Never heard of Mythogeography before?
Well, don’t feel embarrassed, neither had I until Phil’s talk on the subject.
Mythogeography describes a way of thinking about and visiting places where multiple meanings have been squeezed into a single and restricted meaning (for example, heritage, tourist or leisure sites tend to be presented as just that, when they may also have been homes, jam factories, battlegrounds, lovers’ lanes, farms, cemeteries and madhouses).
Mythogeography emphasises the multiple nature of places and suggests multiple ways of celebrating, expressing and weaving those places and their multiple meanings.
According to Phil there is always more than one story to any place. There are a multiplicity of objects and environments around surrounding us which generally remain unnoticed unless you are prepared to look more closely. Paying extreme attention to everyday textures and their relationships highlights the creativity of nature in a landscape or urban environment and forms its own narrative. It’s walking with a whole different perspective. Letting your mind wander is essential and creating narratives from what you discover is imperative.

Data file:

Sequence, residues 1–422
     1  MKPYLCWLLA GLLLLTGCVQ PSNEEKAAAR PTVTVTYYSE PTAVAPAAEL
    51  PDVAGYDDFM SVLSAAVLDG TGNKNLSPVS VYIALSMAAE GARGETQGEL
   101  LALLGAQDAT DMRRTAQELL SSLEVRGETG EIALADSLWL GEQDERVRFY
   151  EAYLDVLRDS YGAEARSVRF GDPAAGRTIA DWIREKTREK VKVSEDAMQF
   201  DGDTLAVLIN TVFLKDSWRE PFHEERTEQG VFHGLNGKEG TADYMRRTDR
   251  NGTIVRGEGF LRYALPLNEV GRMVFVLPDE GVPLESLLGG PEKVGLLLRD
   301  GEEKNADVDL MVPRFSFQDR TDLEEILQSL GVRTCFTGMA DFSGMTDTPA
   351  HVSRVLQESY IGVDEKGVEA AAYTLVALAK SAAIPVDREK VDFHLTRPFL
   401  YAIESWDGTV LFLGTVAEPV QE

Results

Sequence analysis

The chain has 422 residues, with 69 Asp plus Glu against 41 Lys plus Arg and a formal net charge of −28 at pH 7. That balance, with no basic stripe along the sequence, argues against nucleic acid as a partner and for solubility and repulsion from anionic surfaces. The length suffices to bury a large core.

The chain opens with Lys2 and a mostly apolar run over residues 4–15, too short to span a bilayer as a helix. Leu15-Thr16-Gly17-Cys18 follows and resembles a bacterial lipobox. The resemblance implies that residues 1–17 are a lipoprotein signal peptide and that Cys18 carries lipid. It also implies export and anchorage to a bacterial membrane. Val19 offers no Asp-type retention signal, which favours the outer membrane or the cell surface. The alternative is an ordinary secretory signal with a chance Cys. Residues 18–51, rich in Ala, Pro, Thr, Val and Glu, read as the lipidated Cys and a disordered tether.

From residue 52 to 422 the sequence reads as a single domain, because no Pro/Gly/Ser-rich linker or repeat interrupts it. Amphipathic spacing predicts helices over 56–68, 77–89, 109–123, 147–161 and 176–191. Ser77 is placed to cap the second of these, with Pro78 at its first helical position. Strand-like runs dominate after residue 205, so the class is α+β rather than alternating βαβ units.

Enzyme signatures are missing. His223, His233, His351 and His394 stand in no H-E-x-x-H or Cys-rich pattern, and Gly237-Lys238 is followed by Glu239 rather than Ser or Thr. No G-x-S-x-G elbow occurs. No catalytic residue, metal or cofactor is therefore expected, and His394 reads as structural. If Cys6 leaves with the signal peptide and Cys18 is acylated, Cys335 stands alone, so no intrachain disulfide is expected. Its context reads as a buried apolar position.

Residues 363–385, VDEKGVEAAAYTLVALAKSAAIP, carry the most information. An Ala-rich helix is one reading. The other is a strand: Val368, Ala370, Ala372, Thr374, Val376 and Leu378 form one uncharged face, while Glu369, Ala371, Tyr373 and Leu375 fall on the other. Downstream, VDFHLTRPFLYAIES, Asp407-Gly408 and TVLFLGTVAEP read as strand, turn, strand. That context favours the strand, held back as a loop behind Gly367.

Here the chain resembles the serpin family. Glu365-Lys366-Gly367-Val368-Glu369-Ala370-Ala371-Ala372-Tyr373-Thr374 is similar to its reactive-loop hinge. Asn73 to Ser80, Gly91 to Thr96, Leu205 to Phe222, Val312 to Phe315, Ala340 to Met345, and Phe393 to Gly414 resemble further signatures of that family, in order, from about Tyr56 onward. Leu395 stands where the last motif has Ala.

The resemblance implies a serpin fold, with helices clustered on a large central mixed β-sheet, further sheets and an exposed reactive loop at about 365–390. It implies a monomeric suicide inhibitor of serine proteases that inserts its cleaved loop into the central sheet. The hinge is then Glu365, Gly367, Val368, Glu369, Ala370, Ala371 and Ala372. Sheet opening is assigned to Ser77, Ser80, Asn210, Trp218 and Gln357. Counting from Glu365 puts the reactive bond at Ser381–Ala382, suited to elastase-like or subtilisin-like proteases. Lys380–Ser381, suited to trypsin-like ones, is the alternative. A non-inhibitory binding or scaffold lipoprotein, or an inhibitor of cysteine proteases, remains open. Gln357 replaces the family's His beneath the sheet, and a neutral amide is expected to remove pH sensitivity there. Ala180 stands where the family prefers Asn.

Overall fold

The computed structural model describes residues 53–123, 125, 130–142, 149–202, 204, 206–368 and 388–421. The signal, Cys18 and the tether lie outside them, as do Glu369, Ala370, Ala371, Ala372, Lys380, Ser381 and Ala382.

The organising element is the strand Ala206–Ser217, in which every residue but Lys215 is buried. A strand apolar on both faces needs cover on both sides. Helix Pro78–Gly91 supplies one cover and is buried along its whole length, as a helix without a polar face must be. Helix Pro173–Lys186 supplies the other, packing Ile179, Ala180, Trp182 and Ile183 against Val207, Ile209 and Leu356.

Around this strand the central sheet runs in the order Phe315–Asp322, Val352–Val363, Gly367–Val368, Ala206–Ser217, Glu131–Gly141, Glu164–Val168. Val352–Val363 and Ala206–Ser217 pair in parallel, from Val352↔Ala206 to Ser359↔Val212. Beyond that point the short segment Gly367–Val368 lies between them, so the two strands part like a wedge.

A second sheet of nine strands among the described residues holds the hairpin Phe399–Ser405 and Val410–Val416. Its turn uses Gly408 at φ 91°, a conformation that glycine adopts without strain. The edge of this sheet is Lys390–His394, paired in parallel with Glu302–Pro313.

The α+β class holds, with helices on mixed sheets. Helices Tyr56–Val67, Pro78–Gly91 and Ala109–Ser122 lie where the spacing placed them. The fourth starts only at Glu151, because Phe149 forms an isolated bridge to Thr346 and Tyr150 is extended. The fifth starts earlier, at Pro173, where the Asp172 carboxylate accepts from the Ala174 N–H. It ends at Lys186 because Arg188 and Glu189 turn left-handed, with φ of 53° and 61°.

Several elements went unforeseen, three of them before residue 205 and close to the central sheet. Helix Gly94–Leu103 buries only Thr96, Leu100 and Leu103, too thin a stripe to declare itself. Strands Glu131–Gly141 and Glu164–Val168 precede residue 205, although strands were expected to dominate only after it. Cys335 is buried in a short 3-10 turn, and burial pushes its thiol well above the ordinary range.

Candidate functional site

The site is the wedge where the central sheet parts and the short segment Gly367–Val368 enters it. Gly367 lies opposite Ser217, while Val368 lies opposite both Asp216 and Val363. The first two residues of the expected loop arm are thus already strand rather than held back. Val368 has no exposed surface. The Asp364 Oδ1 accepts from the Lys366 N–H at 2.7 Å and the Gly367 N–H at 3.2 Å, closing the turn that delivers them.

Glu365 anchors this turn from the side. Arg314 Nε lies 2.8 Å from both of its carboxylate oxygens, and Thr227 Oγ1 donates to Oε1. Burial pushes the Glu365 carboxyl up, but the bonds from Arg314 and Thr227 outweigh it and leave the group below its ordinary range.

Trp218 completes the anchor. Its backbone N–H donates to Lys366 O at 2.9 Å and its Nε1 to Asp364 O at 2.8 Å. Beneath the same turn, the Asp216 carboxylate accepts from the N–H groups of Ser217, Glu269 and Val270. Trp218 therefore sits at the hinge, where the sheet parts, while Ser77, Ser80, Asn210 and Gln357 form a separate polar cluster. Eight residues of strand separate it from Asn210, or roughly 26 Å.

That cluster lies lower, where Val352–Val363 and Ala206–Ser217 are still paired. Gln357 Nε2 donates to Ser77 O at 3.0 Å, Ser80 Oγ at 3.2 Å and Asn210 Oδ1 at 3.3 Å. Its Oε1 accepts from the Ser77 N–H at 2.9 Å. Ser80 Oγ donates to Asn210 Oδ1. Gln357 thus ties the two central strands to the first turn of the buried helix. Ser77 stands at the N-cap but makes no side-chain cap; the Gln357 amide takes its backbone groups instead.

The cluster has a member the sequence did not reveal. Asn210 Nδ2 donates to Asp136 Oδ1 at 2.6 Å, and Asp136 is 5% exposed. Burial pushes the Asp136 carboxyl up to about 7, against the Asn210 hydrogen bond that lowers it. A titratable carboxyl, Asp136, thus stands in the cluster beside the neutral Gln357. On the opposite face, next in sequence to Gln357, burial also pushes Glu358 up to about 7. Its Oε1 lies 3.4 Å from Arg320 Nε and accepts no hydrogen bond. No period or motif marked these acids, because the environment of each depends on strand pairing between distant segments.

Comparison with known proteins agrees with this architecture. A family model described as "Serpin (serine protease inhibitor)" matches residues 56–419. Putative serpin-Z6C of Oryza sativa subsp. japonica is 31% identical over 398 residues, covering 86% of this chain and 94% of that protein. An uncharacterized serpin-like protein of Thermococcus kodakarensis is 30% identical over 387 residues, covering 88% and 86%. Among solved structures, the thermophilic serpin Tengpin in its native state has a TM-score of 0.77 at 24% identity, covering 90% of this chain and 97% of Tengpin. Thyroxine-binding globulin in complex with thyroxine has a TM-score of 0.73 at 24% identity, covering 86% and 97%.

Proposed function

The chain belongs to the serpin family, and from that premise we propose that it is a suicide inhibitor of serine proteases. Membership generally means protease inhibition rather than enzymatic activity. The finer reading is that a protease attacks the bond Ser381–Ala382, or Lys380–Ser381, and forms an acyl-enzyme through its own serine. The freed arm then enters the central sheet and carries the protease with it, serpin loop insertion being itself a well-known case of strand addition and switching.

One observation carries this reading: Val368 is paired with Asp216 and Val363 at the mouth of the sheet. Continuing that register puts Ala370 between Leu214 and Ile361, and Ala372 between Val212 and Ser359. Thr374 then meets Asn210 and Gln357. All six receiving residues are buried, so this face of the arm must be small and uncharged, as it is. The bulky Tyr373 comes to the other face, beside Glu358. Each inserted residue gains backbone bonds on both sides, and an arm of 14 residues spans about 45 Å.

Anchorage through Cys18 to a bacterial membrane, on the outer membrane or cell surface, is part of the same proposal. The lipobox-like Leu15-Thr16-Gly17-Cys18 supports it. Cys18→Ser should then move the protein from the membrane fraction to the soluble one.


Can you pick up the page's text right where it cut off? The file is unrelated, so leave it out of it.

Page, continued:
On our wet and windy walk around St Ives, we found many quirky, normally unnoticed objects. We took our time to closely observe them taking great delight in discussing their relevance, beauty and raison d’être.
I don’t think a simple walk will ever be the same again!